Efficacy, safety and bioequivalence of the human-derived B-domain-deleted recombinant factor VIII TQG202 for prophylaxis in severe haemophilia A patients
Xi Y, Jin C, Liu W, Zhou H, Wang Z, Zhou R, Lou S, Zhao X, Chen F, Cheng P, et al
Haemophilia : the official journal of the World Federation of Hemophilia. 2022
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INTRODUCTION Current treatment of severe haemophilia A includes prophylaxis with factor VIII (FVIII) replacement. The supply of plasma-derived FVIII is short in China. PURPOSE To evaluate the efficacy and safety of a new B-domain deleted (BDD) recombinant FVIII (TQG202) produced by human-derived cells for prophylaxis in severe haemophilia A patients and compare the bioequivalence with Xyntha. METHODS This multicentre, clinical trial consisted of an open-label, randomized, two-period cross-over trial assessing single-dose pharmacokinetics (PK), and a single-arm clinical trial evaluating the efficacy and safety of 24 weeks of TQG202 prophylaxis, and repeated PK were assessed after prophylaxis phase. The single-dose was 50 IU/kg in PK assessment, and the initial dose was 30 ± 5 IU/kg for prophylaxis. The primary endpoints of prophylaxis were the annualized bleeding rate (ABR) and the incremental recovery rate of the first administration. Adverse events (AEs) were recorded. RESULTS Twenty-six participants were enrolled in the PK assessment and 81 participants in the prophylaxis phase. Mean age was 25.9 ± 10.8 years and all participants were male. The results of PK assessment showed TQG202 is bioequivalent to Xyntha. The total ABR was 2.0 (95% CI: 1.2-2.9) in prophylaxis phase. The mean incremental recovery rate of the first administration was .027 (95% CI: .026-.028) (IU/ml)/(IU/kg). AEs occurred in 42 participants, with an incidence of 51.9%. One severe AE not related to TQG202 occurred. No participants developed FVIII inhibitors. CONCLUSION TQG202 shows bioequivalence with Xyntha. The promising efficacy and tolerability in the severe haemophilia A prophylaxis support the use of TQG202in clinical practice.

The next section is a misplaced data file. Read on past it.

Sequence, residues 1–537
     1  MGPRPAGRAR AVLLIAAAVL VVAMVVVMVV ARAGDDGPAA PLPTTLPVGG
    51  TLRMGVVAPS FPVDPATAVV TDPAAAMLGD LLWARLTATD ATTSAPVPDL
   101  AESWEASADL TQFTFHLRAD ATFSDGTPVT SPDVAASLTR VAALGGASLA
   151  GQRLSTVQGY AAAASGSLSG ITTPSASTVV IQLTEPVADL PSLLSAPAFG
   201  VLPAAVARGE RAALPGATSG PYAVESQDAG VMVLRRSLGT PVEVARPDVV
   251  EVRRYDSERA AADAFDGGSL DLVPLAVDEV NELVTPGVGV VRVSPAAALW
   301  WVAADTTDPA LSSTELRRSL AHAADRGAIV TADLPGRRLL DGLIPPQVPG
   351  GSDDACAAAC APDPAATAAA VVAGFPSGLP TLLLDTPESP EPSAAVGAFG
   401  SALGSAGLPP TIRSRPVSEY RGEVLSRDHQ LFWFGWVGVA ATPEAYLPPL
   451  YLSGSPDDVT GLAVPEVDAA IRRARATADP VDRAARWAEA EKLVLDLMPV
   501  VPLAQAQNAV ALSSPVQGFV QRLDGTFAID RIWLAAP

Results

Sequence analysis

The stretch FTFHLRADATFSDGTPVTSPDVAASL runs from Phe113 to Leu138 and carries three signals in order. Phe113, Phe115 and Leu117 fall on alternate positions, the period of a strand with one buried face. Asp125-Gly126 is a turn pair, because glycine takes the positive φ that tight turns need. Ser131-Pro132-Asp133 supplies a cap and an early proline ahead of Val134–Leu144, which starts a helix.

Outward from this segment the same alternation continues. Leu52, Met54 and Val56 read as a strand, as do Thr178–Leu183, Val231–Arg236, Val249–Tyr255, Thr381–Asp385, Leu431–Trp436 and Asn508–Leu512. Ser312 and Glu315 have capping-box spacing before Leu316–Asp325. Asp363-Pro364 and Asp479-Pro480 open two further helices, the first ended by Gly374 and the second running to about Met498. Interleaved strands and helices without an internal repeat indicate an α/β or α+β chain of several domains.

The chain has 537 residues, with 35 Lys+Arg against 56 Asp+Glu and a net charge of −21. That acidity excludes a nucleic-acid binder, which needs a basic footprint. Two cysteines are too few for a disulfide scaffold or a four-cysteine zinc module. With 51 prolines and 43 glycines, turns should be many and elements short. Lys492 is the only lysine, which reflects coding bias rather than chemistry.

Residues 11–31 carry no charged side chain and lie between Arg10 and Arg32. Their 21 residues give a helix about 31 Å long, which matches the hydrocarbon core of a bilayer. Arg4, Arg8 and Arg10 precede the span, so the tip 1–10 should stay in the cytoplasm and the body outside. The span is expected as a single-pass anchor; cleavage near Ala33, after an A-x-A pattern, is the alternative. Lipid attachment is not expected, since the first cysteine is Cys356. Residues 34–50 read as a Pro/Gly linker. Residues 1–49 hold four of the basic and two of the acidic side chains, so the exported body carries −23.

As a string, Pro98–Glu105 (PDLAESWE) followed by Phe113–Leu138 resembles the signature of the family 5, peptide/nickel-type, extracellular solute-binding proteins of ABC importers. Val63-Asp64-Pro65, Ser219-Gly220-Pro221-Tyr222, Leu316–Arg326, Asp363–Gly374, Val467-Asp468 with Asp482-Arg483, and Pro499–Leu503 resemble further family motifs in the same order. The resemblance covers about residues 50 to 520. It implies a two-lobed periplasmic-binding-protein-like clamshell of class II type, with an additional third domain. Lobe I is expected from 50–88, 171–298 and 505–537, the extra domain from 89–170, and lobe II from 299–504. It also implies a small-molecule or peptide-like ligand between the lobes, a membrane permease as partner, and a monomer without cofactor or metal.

Effects of circuit albumin coating on coagulation and inflammatory response for patients receiving aortic arch replacement: a randomized controlled trial
Chen L, Lv L, Long C, Lou S
OBJECTIVE To investigate whether human serum albumin coating before cardiopulmonary bypass (CPB) could improve platelet function and hemostasis and mitigate the inflammatory response among patients receiving aortic arch replacement with deep hypothermic circulatory arrest (DHCA). METHODS Sixty patients were included and randomized into two groups: the Control Group (CG, receiving 40 g human albumin 5 minutes after the initiation of CPB) and the Study Group (SG, circulating the prime with 40 g albumin for 5 minutes before CPB). Rapid thromboelastography, complete blood count, coagulation tests and cytokines (IL-1, IL-6, IL-10, TNF-alpha and PAF) were measured at two intervals: after anesthesia induction and before CPB (T1) and 10 minutes after heparin reversal before any blood product transfusion (T2). RESULTS Compared with T1, the fibrinogen and MA levels in both groups reduced significantly after heparin reversal and fell within the normal range for most patients. The platelet count reduction (DeltaPLT) in the Study Group was significantly less than in the Control Group (p=0.031). Despite the inflammatory factor levels increasing after CPB (p<0.001), no differences were found between the Control Group and the Study Group. Fewer red blood cells were given in the Study Group, but this was not significant (p=0.05). CONCLUSION Most patients receiving aortic arch replacement with DHCA have normal platelet function and fibrinogen levels after heparin reversal. Albumin coating before CPB may mitigate the platelet count reduction, but not platelet dysfunction. There is a trend that the patients treated with albumin coating received less red blood cell transfusions.